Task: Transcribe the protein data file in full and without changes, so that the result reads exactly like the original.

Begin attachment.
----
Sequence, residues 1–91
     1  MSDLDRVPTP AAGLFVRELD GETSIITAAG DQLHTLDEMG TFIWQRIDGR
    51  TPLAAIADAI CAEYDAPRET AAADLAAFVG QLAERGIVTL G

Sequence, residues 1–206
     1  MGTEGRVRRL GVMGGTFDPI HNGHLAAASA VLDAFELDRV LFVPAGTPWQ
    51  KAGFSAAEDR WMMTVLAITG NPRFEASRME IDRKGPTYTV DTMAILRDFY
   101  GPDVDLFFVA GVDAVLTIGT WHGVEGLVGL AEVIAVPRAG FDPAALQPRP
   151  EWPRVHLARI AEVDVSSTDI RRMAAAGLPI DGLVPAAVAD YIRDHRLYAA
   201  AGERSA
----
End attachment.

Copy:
Sequence, residues 1–91
     1  MSDLDRVPTP AAGLFVRELD GETSIITAAG DQLHTLDEMG TFIWQRIDGR
    51  TPLAAIADAI CAEYDAPRET AAADLAAFVG QLAERGIVTL G

Sequence, residues 1–206
     1  MGTEGRVRRL GVMGGTFDPI HNGHLAAASA VLDAFELDRV LFVPAGTPWQ
    51  KAGFSAAEDR WMMTVLAITG NPRFEASRME IDRKGPTYTV DTMAILRDFY
   101  GPDVDLFFVA GVDAVLTIGT WHGVEGLVGL AEVIAVPRAG FDPAALQPRP
   151  EWPRVHLARI AEVDVSSTDI RRMAAAGLPI DGLVPAAVAD YIRDHRLYAA
   201  AGERSA